For our scratch film we used Sharpiecolouring pens only to make ou film.
The film was layer out over numerous tables, and each member of our group was allocated approxImately 24 frames (which accounted for 1 second of film) on which to create an image. The frames were extremely small, so therefore the images had to be done in a size to fit the frame
I made my design with smiley faces. Without realising I made them too large. Instead of fitting into one frame I seemed to draw them over three frames. It was only by looking at other people’s work that I realised my mistake. However I will know next time, and as this was my first attempt, I can only improve.
On completion of the film Brian transferred it on to a reel and we went over to the film studio where it was placed on a prejecter so that we could see the results of our efforts.
It was very Interestin and all sorts of images appeared on screen.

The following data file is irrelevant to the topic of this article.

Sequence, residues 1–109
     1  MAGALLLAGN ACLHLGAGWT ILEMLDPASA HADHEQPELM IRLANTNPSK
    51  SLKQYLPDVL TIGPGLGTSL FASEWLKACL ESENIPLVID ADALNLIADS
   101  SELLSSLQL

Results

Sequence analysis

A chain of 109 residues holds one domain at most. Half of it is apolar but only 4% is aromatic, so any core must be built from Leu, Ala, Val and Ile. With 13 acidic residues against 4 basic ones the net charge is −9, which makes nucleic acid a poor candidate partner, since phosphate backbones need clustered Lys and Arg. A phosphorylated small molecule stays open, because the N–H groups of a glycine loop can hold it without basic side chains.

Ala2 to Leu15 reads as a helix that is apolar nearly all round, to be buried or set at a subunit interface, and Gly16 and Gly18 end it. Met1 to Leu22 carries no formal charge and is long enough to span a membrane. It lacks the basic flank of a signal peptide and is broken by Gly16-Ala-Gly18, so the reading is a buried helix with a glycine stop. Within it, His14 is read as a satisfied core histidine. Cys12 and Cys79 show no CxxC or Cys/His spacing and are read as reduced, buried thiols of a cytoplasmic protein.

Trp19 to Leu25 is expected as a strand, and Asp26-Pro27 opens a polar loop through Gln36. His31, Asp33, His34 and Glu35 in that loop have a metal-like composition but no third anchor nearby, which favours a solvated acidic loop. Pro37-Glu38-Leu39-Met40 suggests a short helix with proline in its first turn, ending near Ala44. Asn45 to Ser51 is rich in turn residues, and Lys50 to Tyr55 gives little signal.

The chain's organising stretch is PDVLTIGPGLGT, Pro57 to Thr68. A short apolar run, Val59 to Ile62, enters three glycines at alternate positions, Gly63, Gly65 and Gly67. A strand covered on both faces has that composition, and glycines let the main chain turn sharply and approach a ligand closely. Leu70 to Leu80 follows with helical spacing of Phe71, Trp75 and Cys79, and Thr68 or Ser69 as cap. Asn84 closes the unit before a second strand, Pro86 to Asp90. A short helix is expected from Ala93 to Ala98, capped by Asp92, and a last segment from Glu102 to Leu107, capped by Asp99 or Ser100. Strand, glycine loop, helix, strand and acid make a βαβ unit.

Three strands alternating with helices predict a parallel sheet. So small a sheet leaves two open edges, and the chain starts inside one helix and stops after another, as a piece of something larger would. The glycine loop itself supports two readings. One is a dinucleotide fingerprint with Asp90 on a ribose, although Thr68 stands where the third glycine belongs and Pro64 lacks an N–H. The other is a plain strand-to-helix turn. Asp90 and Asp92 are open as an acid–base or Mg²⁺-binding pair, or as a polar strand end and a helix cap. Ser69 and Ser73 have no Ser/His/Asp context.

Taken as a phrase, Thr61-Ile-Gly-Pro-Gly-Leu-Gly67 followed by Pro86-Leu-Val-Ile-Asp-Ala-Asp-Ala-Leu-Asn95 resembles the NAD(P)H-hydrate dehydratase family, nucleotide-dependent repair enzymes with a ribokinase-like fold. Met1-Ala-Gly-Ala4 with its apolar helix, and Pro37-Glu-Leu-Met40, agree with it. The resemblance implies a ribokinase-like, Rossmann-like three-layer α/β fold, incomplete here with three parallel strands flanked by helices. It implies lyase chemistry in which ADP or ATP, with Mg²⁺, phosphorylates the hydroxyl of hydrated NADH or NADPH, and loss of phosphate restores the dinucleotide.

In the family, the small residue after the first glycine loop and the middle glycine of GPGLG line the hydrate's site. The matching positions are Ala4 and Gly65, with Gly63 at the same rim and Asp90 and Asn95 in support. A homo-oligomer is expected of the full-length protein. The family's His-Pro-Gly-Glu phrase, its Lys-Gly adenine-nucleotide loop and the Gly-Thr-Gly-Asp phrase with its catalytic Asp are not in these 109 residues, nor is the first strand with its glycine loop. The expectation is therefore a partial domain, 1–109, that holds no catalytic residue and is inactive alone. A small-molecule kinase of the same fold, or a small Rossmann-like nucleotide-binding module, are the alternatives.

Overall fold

Unfortunately my design did not stand out sufficiently for me to recognise it, and I did not think to take a photo when the film was running.
The image that did stand out very clearly was that of an angel, it was excellent.
If I did it again I would make sure that I drew the pictures to fit a single frame and I would think more about the subject matter.
Mitchell and Kenyan recorded scenes and people of a particular era. Each era has it’s own unquieness and time in eternity
When I was a young girl I thought that things would stay the same for ever. It was only as I got older that I realised that constant change is an integral part of life, the only constant in our lives is change.
So as Mitchell and Kenyon recorded things and people in Blackburn all those years ago, being of their day, so I am doing the same thing on a smaller scale that they did. I am sure they would not recognise society and Blackburn as it is today.
They would see that it has changed in some ways beyond recognition, but in some ways parts of it are still the same in terms of architecture.
Litter is a social commentary of our times.
Taking as my subject to focus on I have chosen litter, a fact of life that would be in evidence in Mitchell and Kenyon’s time in the form we see today.
The attached photos show a reflection of how changes in society and attitudes can also change the landscape of the place we live in eg.